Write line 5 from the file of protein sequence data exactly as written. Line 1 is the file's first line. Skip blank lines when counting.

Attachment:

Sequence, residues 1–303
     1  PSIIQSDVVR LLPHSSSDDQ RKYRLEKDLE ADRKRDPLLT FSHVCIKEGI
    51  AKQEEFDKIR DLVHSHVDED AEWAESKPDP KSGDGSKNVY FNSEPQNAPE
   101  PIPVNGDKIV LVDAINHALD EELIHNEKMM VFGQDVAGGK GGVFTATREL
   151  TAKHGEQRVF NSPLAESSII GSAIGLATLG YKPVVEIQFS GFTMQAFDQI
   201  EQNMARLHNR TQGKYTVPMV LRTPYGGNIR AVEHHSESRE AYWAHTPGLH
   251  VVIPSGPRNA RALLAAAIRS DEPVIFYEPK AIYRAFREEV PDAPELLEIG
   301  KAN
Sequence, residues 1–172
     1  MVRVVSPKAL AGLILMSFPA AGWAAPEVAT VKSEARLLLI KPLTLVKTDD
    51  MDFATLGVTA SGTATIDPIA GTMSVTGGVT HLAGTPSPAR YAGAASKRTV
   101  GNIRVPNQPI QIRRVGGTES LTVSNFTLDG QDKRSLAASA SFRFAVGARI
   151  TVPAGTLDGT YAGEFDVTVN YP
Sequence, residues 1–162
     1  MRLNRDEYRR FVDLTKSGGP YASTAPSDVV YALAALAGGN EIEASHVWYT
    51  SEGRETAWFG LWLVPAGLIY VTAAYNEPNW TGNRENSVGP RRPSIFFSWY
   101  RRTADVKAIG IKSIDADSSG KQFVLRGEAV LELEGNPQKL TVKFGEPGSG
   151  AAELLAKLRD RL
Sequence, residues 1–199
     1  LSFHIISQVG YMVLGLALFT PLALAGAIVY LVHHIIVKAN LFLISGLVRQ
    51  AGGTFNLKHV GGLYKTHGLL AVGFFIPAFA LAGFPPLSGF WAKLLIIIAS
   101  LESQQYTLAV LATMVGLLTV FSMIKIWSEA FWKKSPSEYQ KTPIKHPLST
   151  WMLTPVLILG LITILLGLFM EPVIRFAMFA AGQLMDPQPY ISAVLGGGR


   151  TAKHGEQRVF NSPLAESSII GSAIGLATLG YKPVVEIQFS GFTMQAFDQI